- AbbVie Inc. and Voyager Therapeutics Inc. have entered a research collaboration focused on developing gene therapies that diminish the pathology of Alzheimer's disease and other neurological disorders after a single treatment.
- Using Voyager's technology, the companies are looking to create adeno-associated viral (AAV) vectors that deliver genetic instructions for how to make anti-tau antibodies inside the brain. Tau is a protein responsible for stabilizing microtubules under normal conditions. But if it mutates, the protein can form aggregates that scientists hypothesize lead to cognitive impairment.
- Deal terms put Voyager in charge of drug discovery and development through Phase 1, after which AbbVie can license the vectorized tau antibody program and helm further research and commercialization. Voyager is taking home $69 million upfront and potentially more than $1 billion in milestones, including $155 million related to preclinical and Phase 1 option payments.
Alzheimer's has proven itself a notoriously difficult disease to tackle. In the last two months alone, Merck & Co., Boehringer Ingelheim GmbH and Axovant Sciences Ltd. all shuttered either trials or entire programs for their respective Alzheimer's disease candidates. The track record in the space is so bad, in fact, that the Food and Drug Administration issued fresh guidance earlier in February that, in essence, encouraged drugmakers to keep up the good fight.
AbbVie looks ready to do just that. The North Chicago-based pharma has been building out a foundation in Alzheimer's drug development since 2015, when it inked a deal with C2N Diagnostics LLC. Financial terms weren't disclosed, but the agreement handed AbbVie an exclusive worldwide license to develop and commercialize a portfolio of anti-tau antibodies to treat Alzheimer’s and other neurological disorders.
In October, AbbVie continued its pursuits by partnering with private biotech Alector LLC. For a $205 million upfront payment, Alector agreed to use its technology to research immuno-neurology treatments for a variety of antibody targets, including ones for Alzheimer's. Similar to the Voyager deal, Alector was responsible for developing the potential drugs through proof-of-concept, while AbbVie would take the reins on the more advanced R&D work.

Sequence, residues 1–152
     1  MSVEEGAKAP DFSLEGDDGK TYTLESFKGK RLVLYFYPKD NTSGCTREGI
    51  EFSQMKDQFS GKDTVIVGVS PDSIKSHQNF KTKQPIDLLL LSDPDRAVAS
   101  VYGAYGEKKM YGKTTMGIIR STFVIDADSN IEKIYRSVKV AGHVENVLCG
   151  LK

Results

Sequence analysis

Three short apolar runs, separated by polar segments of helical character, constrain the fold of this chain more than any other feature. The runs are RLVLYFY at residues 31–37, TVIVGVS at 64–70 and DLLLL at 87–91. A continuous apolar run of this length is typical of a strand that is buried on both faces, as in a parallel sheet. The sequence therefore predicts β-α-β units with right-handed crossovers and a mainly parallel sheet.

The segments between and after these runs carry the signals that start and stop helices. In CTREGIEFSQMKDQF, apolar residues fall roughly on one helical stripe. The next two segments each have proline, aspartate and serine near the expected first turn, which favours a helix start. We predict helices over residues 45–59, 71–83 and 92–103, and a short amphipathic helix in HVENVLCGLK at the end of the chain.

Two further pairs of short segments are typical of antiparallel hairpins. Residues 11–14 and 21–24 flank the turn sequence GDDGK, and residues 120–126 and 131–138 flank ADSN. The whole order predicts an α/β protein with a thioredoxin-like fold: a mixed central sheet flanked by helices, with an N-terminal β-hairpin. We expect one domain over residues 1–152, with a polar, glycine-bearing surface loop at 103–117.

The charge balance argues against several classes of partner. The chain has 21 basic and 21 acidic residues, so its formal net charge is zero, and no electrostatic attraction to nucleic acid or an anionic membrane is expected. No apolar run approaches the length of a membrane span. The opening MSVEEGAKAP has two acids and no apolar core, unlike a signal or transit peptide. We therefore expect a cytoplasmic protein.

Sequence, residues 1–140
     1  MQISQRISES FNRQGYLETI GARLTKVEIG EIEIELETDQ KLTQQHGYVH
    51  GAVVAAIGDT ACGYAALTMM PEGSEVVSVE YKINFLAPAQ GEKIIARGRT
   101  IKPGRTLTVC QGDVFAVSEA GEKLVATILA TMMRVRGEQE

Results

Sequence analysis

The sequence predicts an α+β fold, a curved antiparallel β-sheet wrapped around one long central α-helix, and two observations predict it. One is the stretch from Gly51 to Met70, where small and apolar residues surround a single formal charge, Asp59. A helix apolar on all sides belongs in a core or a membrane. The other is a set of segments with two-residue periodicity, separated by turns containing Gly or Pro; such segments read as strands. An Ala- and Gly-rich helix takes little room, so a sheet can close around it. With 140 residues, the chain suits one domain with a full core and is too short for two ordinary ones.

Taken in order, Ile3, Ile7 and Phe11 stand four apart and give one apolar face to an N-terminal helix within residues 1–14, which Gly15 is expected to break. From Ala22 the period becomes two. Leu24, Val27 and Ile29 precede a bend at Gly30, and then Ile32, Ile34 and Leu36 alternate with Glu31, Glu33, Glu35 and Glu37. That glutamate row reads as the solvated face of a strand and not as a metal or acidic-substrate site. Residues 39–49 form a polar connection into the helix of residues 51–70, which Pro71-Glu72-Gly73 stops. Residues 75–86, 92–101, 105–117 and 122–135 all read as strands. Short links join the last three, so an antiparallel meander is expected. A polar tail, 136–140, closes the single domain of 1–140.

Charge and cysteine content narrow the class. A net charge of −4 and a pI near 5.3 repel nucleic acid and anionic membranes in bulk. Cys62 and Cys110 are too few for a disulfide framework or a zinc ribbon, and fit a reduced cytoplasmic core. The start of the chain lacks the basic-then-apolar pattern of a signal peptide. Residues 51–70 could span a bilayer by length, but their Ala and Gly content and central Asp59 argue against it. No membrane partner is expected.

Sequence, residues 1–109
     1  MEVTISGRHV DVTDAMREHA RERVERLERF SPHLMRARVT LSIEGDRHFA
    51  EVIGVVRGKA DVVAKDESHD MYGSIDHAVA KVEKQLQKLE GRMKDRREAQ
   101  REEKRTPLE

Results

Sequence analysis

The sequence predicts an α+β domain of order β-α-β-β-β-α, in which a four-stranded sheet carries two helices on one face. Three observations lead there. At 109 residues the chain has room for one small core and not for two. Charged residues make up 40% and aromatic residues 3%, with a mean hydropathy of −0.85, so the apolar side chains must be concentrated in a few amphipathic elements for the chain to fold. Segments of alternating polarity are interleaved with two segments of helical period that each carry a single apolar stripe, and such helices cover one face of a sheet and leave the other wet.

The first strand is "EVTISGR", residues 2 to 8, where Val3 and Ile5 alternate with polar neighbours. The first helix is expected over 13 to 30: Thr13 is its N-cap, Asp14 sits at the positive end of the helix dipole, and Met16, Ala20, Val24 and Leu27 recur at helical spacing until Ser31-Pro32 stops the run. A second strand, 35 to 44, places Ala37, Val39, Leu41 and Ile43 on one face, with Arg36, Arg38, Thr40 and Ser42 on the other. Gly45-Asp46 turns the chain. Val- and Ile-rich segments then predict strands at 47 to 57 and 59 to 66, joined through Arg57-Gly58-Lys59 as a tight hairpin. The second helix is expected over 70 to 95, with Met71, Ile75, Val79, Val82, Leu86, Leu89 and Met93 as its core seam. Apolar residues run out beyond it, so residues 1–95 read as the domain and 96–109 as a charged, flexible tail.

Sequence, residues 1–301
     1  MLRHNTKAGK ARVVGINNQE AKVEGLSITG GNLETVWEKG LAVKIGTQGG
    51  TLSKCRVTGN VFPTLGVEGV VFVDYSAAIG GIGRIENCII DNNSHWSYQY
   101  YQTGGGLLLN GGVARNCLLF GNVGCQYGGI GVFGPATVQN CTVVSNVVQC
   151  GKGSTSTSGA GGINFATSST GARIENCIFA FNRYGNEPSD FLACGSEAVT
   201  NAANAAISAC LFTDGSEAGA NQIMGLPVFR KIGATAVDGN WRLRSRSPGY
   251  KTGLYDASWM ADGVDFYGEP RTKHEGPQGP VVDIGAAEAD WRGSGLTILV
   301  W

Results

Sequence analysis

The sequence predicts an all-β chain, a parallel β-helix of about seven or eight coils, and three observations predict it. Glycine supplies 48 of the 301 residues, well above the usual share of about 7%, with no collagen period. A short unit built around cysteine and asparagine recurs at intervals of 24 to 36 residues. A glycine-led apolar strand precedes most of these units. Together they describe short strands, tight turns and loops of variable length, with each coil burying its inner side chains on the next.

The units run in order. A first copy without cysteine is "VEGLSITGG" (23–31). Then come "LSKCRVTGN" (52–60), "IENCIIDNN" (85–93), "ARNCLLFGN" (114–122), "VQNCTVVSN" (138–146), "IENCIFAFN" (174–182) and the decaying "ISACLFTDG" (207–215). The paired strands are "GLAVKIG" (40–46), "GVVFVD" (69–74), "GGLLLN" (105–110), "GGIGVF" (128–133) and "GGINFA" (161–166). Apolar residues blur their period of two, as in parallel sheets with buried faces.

The multiple deals inject diversity into AbbVie's Alzheimer's pipeline, which will likely come in handy given the high risk of failure in the space. While tau and its relationship to Alzheimer's is of obvious interest, the pharma now has several modes through which it can target those proteins, such as gene therapy and immune modulation.
"Voyager's vectorized antibody platform presents an innovative approach to addressing challenges in treating neurological disorders associated with the administration of biologic therapies," said Jim Sullivan, VP of pharmaceutical discovery at AbbVie, in a Feb. 20 statement. "This collaboration has the potential to address the needs of patients who live with conditions such as Alzheimer's disease, progressive supranuclear palsy and frontotemporal dementia."
AbbVie shares were down less than 1% to $117.72 apiece at market's open Monday, but climbed to almost $120 apiece by late morning. Voyager's shares, meanwhile, began trading at $21.67 apiece, up about 12%.